Bold as it may seem to say so, the intellectual future of our secondary education lies rather at this moment with the new types of school now being developed outside the secondary school system. Of these, the junior technical schools have been the pioneers and remain the most interesting ; next to them the London Central schools, especially on their commercial side ; and now, following on these older experiments, the multitude of senior and central schools which have been growing up in all parts of the country during the last five or six years. The growth of these middle or intermediate schools, as they would be called in other countries, has led, at the outset, to a demand, especially from the teaching pro- fession, that all such schools should be assimilated in status and material conditions (for instance, in buildings, staffing, size of classes and salary scales) to secondary schools and, though the advocates of this policy would disclaim a desire to copy slavishly in these schools the established secondary curricula and are positively opposed to applying to them the established secondary examinations, yet many would like to see them organized as " multiple bias " schools—which might well mean in practice that their courses of study would cover much the same ground as those of the secondary school, with perhaps a slightly greater admixture of " technical " instruction. Admitting all that is valuable and true in such views, it seems necessary nevertheless to insist that, at this stage, what we should require from these schools is rather a contrast, or coherent alternatives, to the secondary school than an approximate duplication of it. On the whole, the junior technical school which converts itself, as one or two have done experimentally, into a " secondary school with technical bias " does not improve itself, and a London Central school which converted itself into a secondary school with a modern language bias would probably neither add to the practical utility of its language teaching nor raise the intellectual standards of its pupils.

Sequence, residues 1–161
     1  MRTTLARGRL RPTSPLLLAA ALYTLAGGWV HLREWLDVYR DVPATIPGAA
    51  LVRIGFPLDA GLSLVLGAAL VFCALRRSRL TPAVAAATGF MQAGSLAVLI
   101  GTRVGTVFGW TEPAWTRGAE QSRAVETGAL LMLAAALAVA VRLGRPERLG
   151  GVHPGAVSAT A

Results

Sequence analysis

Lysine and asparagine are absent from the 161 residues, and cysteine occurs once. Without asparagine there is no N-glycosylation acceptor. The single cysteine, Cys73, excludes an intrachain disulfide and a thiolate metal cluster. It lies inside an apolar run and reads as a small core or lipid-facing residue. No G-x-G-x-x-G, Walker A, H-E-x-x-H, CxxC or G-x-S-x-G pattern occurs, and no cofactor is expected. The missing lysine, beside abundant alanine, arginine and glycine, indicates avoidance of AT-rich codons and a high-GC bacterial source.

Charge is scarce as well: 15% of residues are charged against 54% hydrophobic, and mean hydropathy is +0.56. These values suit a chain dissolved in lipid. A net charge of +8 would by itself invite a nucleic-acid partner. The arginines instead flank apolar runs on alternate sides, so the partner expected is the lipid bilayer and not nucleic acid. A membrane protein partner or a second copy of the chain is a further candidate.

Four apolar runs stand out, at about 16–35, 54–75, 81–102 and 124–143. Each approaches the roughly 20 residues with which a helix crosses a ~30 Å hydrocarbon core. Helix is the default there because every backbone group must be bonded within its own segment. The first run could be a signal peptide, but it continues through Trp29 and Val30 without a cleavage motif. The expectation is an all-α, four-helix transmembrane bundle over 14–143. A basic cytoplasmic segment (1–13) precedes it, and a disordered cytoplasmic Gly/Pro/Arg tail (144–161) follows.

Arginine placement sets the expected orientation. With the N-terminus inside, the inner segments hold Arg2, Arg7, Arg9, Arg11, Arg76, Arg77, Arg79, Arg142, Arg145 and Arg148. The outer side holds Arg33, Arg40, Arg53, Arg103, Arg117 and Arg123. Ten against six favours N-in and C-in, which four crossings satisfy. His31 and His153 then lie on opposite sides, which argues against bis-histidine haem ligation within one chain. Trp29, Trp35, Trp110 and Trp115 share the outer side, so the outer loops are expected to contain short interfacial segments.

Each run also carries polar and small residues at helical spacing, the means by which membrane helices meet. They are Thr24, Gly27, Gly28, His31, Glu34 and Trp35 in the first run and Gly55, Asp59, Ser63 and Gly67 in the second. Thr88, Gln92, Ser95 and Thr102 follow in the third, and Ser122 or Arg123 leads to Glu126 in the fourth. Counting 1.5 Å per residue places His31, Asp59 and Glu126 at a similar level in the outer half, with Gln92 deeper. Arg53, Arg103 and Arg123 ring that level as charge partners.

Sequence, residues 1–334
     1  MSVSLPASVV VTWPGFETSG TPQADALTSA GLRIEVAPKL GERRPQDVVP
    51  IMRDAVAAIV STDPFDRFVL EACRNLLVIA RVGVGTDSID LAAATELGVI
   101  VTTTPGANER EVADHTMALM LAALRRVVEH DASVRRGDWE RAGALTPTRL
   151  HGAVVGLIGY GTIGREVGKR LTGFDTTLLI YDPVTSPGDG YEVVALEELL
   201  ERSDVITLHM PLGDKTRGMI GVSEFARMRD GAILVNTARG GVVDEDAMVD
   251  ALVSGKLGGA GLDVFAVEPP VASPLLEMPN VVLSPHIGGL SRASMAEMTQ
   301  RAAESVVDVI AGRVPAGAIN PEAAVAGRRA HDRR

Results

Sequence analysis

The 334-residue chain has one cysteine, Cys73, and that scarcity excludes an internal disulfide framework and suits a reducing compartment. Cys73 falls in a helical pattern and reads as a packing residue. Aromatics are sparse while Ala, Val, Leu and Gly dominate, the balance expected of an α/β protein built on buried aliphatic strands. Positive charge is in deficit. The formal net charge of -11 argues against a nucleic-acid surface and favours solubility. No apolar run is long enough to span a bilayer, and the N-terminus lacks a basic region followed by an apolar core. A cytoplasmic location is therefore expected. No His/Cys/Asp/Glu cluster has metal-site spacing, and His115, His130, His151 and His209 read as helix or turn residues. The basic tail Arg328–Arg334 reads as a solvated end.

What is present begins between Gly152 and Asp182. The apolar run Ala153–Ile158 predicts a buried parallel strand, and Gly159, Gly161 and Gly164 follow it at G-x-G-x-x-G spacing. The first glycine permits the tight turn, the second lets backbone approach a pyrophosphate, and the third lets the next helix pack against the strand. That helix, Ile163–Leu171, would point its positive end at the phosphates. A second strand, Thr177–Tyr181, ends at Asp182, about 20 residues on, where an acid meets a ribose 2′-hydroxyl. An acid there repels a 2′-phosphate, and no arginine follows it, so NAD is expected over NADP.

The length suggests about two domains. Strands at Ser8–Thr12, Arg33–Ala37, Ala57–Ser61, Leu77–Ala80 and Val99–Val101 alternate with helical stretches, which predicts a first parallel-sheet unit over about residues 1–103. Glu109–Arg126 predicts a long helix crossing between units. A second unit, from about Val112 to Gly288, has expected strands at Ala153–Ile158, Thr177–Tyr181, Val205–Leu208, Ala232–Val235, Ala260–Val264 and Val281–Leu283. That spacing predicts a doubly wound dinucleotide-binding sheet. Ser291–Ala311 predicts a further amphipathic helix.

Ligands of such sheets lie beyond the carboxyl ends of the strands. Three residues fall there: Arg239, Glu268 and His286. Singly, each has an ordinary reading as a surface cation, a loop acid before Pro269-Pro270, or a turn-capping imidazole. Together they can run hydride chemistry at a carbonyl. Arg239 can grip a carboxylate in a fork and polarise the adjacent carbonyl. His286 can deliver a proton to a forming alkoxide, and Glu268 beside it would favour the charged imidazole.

The two great questions which a national system of secondary education has to answer at the present day are : first, what place should it give to the study of languages, ancient or modem ; and secondly, what place should it give to the study of applied science ? During the last thirty years or so, we in this country have allowed science to displace languages as a medium of higher education to a greater extent than any other European country, not excepting Soviet Russia, yet at the secondary school (though not, of course, in the technological departments of our Universities) our teaching of science has been, it may be urged, more academic and less practical than even the old teaching of ancient languages. The practical use of language for the nice expression of thought is inherent in any language teaching ; but the practical use of science in harnessing nature to man's uses leads into those regions of technical education which our secondary schools have hitherto eschewed. Our Universities and our secondary schools can do much to supply an answer to the first question. Probably, the most marked feature of our secondary schools during the next few years will be a great development of modern language teaching and some decline in the emphasis which has recently been placed on science. But the answer to the second question must be mainly supplied by junior technical and other types of post-elementary schools, closely linked with the technical colleges and devoted chiefly to the working out of applied science as a method of higher education.

The difficulty in writing about education is that any fool can be suggestive on such a subject and only a fool will be didactic. But this short note . may serve as a reminder that, in education as in every other department of public policy, a nation will suffer most, not from its obvious weaknesses, but from the defects of its qualities. Our secondary education had been one of our strongest and most envied assets, but if we rest content with its defects it may become one of our heaviest liabilities.